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1 in 4 lenders could exit market by 2025: GlobalData

According to data analysis agency GlobalData, one in four ADIs could exit the market within the next five years, as unemployment levels rise, and credit appetite dissipates.

Andrew Haslip, head of financial services content for Asia Pacific at GlobalData, stated that the recent upswing in the number of authorised deposit-taking institutions (ADIs), driven by the introduction of neobanks to the market, could be set to reverse in light of COVID-19.

According to GlobalData, “up to a quarter” of ADIs could exit the market within the next five years, either via sales or mergers, as a result of mass unemployment and a decreased appetite for credit following the COVID-19 crisis.

GlobalDate anticipates that current government stimulus measures to support businesses and individuals will only provide temporary relief, while lending appetites will dissipate, and the banks will feel the squeeze over the next few months.

“Loan growth will also suffer, despite efforts to keep lending to businesses and households at extremely attractive rates,” Mr Haslip said.

“The Reserve Bank of Australia and government funding to lenders will help, but it is highly uncertain whether there will be sufficient appetite for credit to see anything more than marginal increases in 2020.

“New residential mortgage lending will collapse during the weeks, possibly months, of lockdown and enforced social distancing as even viewing a property safely becomes a challenge. 

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“Spending, barring panic-buying, will decline and businesses will be hesitant to take on even attractive loans when they have no income.”

GlobalData stated it expects the quarterly profits of the banks to drop dramatically, and will hit the major banks harder – although will likely provide a more drawn-out squeeze on the non-majors and non-banks – a further reason to suggest that smaller lenders won’t survive the decade.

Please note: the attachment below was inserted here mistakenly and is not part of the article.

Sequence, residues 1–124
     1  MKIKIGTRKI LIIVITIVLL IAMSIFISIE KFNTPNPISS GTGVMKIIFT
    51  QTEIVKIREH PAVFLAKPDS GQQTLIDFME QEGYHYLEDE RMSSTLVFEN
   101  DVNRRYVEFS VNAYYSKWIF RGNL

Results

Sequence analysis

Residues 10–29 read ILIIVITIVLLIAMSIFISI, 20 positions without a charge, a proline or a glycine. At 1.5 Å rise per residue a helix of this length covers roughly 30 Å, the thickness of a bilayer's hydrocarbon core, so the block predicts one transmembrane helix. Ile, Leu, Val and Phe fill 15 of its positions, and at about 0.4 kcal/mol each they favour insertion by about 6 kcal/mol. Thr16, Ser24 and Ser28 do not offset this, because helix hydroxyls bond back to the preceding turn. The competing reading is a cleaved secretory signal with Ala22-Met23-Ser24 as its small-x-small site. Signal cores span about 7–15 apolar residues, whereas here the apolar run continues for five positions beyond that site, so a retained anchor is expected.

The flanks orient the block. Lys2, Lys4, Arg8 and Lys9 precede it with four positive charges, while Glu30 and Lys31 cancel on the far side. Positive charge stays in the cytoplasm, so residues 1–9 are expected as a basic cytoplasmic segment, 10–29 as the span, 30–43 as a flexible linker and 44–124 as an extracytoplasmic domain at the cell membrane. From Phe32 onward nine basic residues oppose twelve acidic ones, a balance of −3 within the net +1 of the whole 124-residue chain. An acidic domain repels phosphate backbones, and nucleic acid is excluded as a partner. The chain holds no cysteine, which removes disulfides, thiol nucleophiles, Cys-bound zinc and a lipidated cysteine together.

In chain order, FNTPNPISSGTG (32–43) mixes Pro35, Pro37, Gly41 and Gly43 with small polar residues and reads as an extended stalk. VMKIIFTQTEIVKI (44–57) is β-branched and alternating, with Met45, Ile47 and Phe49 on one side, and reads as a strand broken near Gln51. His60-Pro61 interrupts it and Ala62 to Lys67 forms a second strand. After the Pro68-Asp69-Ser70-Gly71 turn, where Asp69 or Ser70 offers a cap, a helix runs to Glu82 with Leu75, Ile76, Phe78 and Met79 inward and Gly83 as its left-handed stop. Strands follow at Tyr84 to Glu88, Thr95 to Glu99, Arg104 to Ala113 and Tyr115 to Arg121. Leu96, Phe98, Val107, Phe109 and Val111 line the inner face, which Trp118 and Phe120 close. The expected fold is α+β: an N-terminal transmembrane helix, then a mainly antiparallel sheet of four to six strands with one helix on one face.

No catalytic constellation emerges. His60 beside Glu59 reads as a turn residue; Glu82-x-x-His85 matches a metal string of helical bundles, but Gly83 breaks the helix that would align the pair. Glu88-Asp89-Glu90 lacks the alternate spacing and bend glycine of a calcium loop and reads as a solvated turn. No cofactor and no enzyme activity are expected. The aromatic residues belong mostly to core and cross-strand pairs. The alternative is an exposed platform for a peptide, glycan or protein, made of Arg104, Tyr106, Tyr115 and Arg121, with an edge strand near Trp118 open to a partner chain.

“Given the expected scale and length of the disruption to the Australian economy, it’s no surprise that key banking indicators will suffer. The government stimulus measures for the banking sector and broader economy will limit the fallout, Mr Haslip said.

“What will be enduring [are] the effects that mass unemployment, possibly long term, will have on lending and the increased use of automatic digital decisioning on loans. 

“Large swaths of Australians are about to become non-standard risks and lenders are going to have to be able to roll with that for years to come – those that can adapt will be among the fewer lenders that we see in 2025.

“It is a tale that mature banking markets around the world will be telling as they endure their own version of the COVID-19 recession.”

In relation to the domestic market more broadly, Mr Haslip noted that in the past (including during the 2008 global financial crisis), the impact on the ASX was largely delayed, which suggests that the Australian stock market – already down over 30 per cent from its peak – is yet to hit its floor.

“The internationalisation of the financial crisis in September 2008, when it first became a clear and present danger to Australia, did not result in the bottoming out of the Australian Securities Exchange (ASX) until February 2009, five months later,” he said.

In the current climate, where the ASX has already fallen by 30 per cent from its recent peak in February 2020, Mr Haslip believes there will be further left to fall, and that the floor won’t be hit until the third quarter of 2020.

“It is highly unlikely that the ASX 200 will have seen its bottom in March from a crisis that only started in February; current modeling suggests that late Q3 is more probable,” he said.

Mr Haslip went on to outline that, during the GFC, unemployment roughly peaked at 6 per cent in early 2009 and remained elevated until Q1 2010, before beginning a downward trend with a more energised global economy.

However, the current economic climate is unlikely to follow the same path, according to Mr Haslip, with the employment market feeling the heat for at least three more quarters.

“Here [in 2020], the unemployment rate, even with government stimulus, is already predicted to be many times what it was previously, and it is suggested that only in Q2 can the true impact of COVID-19 on the economy be measured,” he said.

“Unemployment will be elevated for at least a year and will still need accommodation well into 2021.”

[Related: COVID-19 side effects to hit 86% of businesses]

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